The German government has called on the Catholic Church to play a proactive role in clarifying the widening allegations of clerical sex abuse at Catholic schools throughout the country.
Reports of sexual abuse by priests have caused outrage in Germany
"I expect concrete information from the Catholic Church on measures taken for a complete clarification (of this matter)," German Justice Minister Sabine Leutheusser-Schnarrenberger told newsmagazine Der Spiegel in an interview which will be published on Monday, February 22.
Leutheusser-Schnarrenberger demanded more from the church
The minister called for an ombudsman to investigate the case, and proposed a meeting between representatives from Germany's 16 states, the church and victims of clerical sexual abuse.
Such a gathering would be "a good way to clear up the numerous abuse cases and to offer the opportunity to the Catholic Church to discuss voluntary compensation with victims," Leutheusser-Schnarrenberger said.
The German politician leveled criticism at the Bishop of Augsburg, Walter Mixa, who she said was "hiding behind polemic excuses instead of contributing to clearing up" the matter.
The controversial bishop had previously told a local newspaper that the media and the "so-called sexual revolution" were partly to blame for the problem of child abuse in society.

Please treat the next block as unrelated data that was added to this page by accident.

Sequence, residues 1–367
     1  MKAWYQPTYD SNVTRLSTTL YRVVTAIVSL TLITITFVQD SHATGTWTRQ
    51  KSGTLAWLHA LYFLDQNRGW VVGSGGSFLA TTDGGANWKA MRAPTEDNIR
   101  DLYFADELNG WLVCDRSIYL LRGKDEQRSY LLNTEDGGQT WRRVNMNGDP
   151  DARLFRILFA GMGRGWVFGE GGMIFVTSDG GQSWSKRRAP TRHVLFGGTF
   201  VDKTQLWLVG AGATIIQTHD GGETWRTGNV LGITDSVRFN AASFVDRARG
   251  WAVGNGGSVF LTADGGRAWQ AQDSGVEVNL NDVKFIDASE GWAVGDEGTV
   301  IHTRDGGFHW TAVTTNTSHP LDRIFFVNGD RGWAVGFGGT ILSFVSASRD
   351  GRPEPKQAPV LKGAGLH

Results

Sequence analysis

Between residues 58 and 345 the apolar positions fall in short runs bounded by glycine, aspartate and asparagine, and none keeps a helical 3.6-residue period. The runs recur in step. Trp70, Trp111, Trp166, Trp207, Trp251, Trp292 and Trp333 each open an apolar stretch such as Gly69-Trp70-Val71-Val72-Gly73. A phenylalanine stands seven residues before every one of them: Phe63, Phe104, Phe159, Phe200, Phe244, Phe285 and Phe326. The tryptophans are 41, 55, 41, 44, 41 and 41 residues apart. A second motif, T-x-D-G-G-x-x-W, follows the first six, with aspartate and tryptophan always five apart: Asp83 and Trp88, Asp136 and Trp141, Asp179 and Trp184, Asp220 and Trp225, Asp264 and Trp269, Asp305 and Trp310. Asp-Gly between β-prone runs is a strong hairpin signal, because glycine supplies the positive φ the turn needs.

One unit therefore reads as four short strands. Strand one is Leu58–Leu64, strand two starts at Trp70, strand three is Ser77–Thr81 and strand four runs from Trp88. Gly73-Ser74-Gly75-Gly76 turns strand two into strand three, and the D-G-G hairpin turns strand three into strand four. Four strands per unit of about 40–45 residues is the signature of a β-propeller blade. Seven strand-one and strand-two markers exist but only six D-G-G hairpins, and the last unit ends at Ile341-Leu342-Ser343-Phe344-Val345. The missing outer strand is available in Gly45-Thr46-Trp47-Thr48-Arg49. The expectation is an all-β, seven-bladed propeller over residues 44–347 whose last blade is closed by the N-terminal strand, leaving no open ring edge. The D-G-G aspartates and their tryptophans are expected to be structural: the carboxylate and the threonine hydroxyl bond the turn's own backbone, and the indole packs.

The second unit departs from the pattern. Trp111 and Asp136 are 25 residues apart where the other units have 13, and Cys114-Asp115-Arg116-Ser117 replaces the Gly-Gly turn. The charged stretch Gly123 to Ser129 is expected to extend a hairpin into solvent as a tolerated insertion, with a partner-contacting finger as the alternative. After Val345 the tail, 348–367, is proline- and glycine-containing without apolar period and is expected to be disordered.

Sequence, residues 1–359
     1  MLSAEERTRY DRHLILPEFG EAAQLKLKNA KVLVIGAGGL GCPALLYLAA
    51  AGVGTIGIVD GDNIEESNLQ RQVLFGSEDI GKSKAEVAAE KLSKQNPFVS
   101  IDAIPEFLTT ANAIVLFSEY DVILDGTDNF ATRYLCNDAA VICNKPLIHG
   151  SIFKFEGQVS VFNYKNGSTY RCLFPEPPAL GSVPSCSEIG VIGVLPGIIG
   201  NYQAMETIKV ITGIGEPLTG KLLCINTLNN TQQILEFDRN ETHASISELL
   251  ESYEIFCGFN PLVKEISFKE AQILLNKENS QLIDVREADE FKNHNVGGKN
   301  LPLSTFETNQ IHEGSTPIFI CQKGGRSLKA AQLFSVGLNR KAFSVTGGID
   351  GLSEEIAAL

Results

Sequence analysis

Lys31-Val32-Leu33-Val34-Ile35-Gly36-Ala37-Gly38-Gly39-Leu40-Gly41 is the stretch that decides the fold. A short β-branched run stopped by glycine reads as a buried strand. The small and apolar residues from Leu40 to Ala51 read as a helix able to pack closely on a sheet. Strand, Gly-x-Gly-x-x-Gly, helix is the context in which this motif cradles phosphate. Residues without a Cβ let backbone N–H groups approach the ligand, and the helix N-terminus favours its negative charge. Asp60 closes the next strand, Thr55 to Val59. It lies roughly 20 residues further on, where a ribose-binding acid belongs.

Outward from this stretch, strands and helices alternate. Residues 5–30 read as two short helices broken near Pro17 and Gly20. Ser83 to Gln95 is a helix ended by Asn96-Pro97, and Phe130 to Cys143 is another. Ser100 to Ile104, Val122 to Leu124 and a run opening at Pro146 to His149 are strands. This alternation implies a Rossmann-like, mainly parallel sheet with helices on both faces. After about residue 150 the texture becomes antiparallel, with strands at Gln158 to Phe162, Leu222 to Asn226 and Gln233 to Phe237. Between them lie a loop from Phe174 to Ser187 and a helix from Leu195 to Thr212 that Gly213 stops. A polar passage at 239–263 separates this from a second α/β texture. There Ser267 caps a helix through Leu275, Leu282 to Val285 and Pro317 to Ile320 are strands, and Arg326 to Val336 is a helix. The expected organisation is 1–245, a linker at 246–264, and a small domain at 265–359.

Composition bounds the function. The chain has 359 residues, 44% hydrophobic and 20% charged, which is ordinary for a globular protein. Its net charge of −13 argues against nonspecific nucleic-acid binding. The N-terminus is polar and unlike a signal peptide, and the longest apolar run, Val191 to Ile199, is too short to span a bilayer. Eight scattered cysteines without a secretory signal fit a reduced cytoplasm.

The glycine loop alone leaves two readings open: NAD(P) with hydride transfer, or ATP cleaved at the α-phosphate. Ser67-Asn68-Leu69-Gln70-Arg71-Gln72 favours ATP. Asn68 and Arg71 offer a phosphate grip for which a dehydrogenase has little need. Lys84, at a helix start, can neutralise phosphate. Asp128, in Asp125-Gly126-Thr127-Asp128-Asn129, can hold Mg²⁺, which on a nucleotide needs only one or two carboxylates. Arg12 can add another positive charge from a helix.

The minister's comments come to a backdrop of a widening scandal involving allegations of sexual molestation at Catholic schools throughout Germany dating back to the 1960s. According to media reports, at least six schools were implicated in the claim.
Included are two former children's homes of the Catholic order the Salesians of Don Bosco in Berlin and the Bavarian town of Augsburg, as well as institutions run by Marists, Vincentians and Franciscans.
The most prominent of these involves as many as 115 alleged cases of child abuse at a Berlin Jesuit school. The matter is currently under investigation.
Hamburg Archbishop Werner Thissen said the scandal was the result of "structural problems" in the church. Thissen added it was in the church's interests to do everything it could to help clear up the abuse allegations.
An association of Catholic lay people, "We are the Church", has also called on bishops to come clean, and admit that cases that have come to light are not isolated.
Association spokeswoman Sigrid Grabmeier said German Pope Benedict XVI should make a statement urgently.
Editor: Toma Tasovac
Late South African President Nelson Mandela has been posthumously honored for his contribution to rugby. He is credited with making the traditionally white sport more inclusive after apartheid.
Two days after Brendan Rodgers was sacked from his post as Liverpool head coach, his replacement may have already been found. A former Bundesliga favorite appears set to make his move to the Premier League.
Stunning geometric and full of hidden details, Andreas Gursky's photographic artworks also comment on the impact of capitalism and globalization. He's sold the priciest photo of all time, and is now giving a solo show.